Since the start of the #ClimateStrike past Friday September 20th, I have been moved by the avalanche of actions across the world to foreground the climate crisis, its devastating effects (present and future) and the demand for collective solutions. It is a tremendous glimpse of hope that so many voices have come together to call for a world where people’s existence, and their right to a dignified life, is valued above corporate profits and short-term political wins.
But as we react to the urgency before us, it’s worth questioning who we are turning to for leadership and solutions. It seems like finally the calls for a systemic response to climate change are getting louder than ever before. Governments around the world are unveiling new policies and programs, INGOs are pivoting towards climate as a priority thematic area, and the language of climate crisis is being mainstreamed. The resonance of Greta Thunberg’s no-BS approach is testament to this, and has helped open up the space for the climate movement to grow. But the movement certainly did not start with one girl a year ago; it builds off the work of many who have been demanding intersectional climate justice and raising the alarm for centuries.
“There are many young Gretas who are being threatened in our territories. They are young people who are being displaced and killed, and nobody is listening to them,”said Tuntiak Katan, from the Indigenous Organization of the Amazon River Basin, ahead of the UN climate conference in New York this week. Last year, Global Witness recorded 164 killings worldwide of people fighting to protect their land and ecosystems from destructive industries, with thousands more who suffered active criminalization and persecution, turning activists into ‘enemies of the state’.
Now is a crucial moment to humbly ask ourselves two vital questions again: as the climate crisis becomes mainstreamed, whose story is being told and who is the teller? And as the amount of people engaging in the climate movement increases, who is this movement accountable to? As we’re trying to do with #PowerShifts, centering the perspectives of people and communities with lived experience of any issue is crucial for understanding it. However, this should not mean that we should start tokenizing inclusion or limiting the participation of those who endure the brunt of climate breakdown to mere anecdotes or testimonies, without taking their leadership seriously.
In this set of resources, I’ve dug up some readings, initiatives, stories, and links that can help us listen and be guided by those on the frontlines of climate impacts in the Global South: people and communities not only bearing the brunt of extreme weather events, but simultaneously advancing proposals and solutions that embody justice-oriented responses to the climate crisis.
(Note: This is not an exhaustive list! I’ll update this text periodically with your suggestions of other initiatives you are part of/aware of.)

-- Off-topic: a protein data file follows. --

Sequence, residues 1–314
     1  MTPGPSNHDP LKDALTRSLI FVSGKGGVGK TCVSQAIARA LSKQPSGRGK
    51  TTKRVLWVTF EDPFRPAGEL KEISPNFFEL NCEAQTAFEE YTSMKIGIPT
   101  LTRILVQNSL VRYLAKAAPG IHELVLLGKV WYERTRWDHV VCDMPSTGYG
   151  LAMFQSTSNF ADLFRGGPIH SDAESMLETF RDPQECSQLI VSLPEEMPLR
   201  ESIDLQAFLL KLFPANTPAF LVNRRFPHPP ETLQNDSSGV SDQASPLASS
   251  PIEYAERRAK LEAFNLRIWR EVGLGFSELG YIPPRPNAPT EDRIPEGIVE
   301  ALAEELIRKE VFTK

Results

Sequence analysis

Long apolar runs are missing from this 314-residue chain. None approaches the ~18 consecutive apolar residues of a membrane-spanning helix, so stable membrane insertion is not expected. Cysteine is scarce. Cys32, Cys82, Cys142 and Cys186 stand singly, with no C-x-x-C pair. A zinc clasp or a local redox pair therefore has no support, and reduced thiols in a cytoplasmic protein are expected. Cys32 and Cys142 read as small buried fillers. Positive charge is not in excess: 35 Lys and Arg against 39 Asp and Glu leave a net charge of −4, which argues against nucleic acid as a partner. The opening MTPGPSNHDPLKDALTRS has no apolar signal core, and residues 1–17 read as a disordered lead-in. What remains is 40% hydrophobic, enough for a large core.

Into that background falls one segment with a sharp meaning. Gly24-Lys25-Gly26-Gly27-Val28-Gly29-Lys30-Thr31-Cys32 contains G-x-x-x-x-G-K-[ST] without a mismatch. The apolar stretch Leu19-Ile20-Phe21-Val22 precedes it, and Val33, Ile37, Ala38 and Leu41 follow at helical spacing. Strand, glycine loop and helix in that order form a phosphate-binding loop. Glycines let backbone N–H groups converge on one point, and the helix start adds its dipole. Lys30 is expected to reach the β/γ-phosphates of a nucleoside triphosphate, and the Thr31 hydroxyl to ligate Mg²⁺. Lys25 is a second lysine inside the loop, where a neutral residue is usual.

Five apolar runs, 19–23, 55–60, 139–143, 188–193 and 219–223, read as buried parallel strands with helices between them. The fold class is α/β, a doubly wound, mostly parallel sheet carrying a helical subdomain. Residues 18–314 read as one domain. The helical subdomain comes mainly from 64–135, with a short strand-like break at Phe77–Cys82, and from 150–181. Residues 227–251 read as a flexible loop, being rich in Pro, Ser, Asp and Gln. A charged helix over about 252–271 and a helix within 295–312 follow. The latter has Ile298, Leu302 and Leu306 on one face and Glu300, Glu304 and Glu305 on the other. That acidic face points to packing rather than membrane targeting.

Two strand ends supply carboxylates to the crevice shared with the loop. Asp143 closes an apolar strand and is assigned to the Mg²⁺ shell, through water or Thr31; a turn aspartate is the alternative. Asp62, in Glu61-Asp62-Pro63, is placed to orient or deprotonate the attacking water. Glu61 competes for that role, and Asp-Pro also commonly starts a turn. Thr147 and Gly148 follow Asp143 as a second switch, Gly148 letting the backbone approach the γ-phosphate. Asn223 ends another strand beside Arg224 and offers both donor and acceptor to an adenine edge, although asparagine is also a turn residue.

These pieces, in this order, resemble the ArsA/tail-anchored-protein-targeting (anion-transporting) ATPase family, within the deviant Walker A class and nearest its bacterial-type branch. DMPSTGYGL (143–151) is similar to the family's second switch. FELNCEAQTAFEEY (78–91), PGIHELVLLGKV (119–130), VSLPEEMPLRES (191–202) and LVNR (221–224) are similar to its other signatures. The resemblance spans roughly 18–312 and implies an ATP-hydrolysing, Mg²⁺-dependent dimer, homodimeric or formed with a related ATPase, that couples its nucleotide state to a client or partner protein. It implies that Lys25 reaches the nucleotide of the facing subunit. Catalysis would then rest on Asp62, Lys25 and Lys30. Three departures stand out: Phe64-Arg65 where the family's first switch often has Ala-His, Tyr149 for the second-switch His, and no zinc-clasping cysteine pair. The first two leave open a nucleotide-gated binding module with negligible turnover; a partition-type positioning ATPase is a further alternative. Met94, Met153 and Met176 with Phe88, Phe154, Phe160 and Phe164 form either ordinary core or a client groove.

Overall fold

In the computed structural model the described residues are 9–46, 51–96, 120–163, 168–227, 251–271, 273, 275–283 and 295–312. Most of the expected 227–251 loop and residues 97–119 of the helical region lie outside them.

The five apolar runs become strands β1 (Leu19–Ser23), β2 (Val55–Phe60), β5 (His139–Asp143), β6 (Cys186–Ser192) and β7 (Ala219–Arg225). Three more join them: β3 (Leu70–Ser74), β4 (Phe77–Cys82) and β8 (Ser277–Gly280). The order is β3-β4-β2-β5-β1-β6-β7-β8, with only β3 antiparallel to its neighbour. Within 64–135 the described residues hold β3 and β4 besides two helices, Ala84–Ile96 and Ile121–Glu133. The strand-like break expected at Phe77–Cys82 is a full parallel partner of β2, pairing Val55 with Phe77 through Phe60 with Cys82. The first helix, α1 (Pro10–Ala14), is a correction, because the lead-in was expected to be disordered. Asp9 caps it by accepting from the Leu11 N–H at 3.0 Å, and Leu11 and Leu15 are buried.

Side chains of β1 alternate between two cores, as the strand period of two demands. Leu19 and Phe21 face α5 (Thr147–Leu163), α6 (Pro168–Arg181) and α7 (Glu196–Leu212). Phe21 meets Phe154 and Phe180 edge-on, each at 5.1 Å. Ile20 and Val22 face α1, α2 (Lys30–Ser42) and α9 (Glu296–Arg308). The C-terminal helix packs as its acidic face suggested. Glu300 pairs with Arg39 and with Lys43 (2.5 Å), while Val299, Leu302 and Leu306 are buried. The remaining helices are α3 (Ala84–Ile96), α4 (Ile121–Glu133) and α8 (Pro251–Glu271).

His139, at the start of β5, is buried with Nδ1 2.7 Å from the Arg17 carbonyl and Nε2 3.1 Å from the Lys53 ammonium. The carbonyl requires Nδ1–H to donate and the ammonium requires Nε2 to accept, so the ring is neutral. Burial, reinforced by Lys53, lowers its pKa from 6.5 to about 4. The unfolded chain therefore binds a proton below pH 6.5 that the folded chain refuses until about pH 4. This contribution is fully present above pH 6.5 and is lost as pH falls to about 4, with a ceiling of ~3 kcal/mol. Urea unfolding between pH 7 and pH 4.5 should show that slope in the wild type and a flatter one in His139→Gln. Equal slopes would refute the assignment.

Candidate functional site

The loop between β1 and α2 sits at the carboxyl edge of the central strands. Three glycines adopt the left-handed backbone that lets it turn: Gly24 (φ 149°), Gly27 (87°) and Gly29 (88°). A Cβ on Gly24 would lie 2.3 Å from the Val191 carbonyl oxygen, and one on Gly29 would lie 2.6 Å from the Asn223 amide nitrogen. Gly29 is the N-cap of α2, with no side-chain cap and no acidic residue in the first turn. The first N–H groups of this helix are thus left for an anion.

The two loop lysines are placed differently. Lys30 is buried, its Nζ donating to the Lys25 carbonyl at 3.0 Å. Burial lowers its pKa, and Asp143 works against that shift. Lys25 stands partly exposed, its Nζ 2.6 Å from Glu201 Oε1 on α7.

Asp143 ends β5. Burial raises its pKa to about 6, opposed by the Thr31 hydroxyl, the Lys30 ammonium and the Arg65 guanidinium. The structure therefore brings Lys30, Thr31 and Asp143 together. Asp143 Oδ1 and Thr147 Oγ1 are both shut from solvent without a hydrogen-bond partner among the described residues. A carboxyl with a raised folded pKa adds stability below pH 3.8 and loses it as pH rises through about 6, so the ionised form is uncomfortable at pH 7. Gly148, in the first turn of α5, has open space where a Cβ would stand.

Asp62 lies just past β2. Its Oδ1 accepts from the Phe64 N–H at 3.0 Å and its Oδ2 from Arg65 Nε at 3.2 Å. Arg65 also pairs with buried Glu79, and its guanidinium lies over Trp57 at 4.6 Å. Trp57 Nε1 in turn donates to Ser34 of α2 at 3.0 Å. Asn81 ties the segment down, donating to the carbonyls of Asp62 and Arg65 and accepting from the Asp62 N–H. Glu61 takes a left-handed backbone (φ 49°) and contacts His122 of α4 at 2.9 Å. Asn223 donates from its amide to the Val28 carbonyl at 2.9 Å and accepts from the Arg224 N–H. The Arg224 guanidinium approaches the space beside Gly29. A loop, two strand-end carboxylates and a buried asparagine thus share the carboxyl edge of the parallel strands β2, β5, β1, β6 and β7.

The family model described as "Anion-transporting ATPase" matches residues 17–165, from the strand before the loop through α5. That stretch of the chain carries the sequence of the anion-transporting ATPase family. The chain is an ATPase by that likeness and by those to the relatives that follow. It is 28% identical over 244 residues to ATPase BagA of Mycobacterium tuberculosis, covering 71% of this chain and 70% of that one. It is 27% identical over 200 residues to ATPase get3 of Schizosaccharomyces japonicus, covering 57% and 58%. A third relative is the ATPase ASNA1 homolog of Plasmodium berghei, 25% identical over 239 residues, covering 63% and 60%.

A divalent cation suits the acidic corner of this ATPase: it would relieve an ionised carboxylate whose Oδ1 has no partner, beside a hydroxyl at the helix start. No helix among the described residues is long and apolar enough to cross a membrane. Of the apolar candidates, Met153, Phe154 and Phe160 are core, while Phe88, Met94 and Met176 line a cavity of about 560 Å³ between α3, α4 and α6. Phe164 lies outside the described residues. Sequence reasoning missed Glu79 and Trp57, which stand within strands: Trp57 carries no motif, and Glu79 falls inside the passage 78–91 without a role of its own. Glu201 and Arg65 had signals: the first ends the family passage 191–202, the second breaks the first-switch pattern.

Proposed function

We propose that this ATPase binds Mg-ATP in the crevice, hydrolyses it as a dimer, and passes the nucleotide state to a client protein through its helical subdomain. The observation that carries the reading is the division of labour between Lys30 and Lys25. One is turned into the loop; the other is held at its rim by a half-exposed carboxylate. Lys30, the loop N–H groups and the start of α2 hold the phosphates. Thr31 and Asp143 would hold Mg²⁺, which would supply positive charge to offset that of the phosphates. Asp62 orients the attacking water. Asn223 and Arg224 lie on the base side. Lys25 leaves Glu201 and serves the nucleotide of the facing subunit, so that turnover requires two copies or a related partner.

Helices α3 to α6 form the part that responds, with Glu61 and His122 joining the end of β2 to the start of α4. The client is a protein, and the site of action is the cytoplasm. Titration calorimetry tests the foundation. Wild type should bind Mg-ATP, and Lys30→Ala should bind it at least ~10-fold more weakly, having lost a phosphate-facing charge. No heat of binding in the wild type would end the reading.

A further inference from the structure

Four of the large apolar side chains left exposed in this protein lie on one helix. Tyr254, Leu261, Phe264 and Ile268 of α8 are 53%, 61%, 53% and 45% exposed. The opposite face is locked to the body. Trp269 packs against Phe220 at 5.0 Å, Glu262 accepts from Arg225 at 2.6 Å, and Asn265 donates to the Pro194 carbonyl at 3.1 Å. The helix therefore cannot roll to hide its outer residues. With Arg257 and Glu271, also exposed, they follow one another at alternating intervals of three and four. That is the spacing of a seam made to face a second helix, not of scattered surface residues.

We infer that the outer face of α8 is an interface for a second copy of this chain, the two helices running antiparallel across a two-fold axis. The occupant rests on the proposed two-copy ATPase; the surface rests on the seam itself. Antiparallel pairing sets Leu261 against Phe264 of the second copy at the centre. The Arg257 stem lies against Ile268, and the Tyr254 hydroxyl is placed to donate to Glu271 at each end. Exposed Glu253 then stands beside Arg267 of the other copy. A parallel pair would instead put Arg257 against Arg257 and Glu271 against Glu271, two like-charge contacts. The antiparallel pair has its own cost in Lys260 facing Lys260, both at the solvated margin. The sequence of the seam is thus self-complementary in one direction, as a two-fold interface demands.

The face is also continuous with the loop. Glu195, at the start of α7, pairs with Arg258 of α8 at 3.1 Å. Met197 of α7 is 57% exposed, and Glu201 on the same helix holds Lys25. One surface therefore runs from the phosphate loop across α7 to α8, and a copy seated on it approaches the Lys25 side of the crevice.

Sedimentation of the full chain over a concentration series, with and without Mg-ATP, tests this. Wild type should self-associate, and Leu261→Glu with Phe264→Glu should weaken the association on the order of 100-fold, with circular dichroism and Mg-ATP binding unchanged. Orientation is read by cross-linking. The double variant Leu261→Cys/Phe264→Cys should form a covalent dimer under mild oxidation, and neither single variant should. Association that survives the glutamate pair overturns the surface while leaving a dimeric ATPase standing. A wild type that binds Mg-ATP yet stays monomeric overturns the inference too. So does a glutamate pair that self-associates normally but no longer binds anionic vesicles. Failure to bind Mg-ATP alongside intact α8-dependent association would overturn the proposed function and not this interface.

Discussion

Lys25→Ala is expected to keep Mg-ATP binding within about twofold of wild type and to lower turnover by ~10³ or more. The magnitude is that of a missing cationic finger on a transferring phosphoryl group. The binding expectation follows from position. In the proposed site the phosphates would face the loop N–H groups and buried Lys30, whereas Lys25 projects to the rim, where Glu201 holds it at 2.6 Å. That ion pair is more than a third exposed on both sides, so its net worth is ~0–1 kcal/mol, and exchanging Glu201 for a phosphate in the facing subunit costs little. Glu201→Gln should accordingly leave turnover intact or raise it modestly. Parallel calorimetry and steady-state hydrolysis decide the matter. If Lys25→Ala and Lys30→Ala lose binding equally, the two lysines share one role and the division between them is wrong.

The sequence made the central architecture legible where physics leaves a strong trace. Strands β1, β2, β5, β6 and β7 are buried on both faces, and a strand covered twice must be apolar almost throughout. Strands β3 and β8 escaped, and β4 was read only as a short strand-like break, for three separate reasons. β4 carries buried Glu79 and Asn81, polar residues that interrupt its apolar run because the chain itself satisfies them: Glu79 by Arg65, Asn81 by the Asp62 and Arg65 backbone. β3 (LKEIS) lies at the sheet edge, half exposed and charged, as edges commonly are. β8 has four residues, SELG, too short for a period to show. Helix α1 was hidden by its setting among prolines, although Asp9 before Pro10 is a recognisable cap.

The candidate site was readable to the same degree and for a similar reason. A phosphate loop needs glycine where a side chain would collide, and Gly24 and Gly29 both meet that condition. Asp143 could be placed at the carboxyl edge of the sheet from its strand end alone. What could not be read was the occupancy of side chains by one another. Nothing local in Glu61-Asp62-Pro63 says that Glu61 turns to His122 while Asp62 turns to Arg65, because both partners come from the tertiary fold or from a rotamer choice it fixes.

Understanding ‘climate justice’
First, an important note on vocabulary. Though eye-opening (and alarming) scientific outputs such as the IPCC reports have rallied masses behind the science of climate breakdown, they risk framing climate change into a quantifiable and technical issue with a date stamp. Accounting solely for phenomena like rising temperatures and sea levels without seeing their roots in historical inequalities, misreads the causes of the climate crisis and leads to quick fixes that seem to only require a combination of political will and new technologies. Listening to the issues faced by activists, environmental defenders and land rights advocates helps dispel the proclaimed effectiveness of market-based solutions, and instead frames the climate crisis as an issue of justice and human rights. A notion that balances the ecological integrity of nature while supporting the needs of human populations.
Here are some readings and useful links on climate justice:
The Earth in Brackets creatively put together some resources that explain concepts such as climate justice, food sovereignty and what is referred to as the ‘green economy’.
This incisive interview with Asad Rehman – Pakistani-British activist and one of the most prominent spokespersons of civil society at the UNFCCC negotiations on climate change – where he argues that the negotiations and debates around the climate crisis are, fundamentally, about our political economy.
This more recent critical reflection, where he lays out some important considerations for advancing the transition to renewable energy, noting that “solutions to the environmental crisis won’t come in the shape of a battery – they come in the shape of justice, reparations and equity.”
Climate fair shares, a report of global research on different countries’ fair share of climate actions.
The Defenders series by The Guardian has documented some of the violent assaults on environmental activists who have stood up against fossil fuel companies on their land, as well as their clear demands for social and climate justice.
Read more on what equity can mean within the climate justice framework here: Equity Factsheet by Friends of the Earth, and What does Greta Thunberg mean when she says “equity?” by Nathan Thanki.
Besides urging rich countries to repay their historical climate debt and allocate more funds for adaptation in the poorest countries, here are some examples of projects that center restoration, care and social wellbeing by communities confronting the effects of climate breakdown in the Global South.
Some of these fit within proposed institutional frameworks of Nature-based Solutions or Ecosystem-related Approaches – policies that aim to protect and manage ecosystems damaged by human activity through activities such as land restoration, conservation, and regenerative smallholder agriculture. Activities that combat land degradation and build resilience to climate effects are estimated to offer a third of the cost-effective carbon dioxide mitigation needed between now and 2030, and have been recently promoted in this popular video by Greta Thunberg and George Monbiot.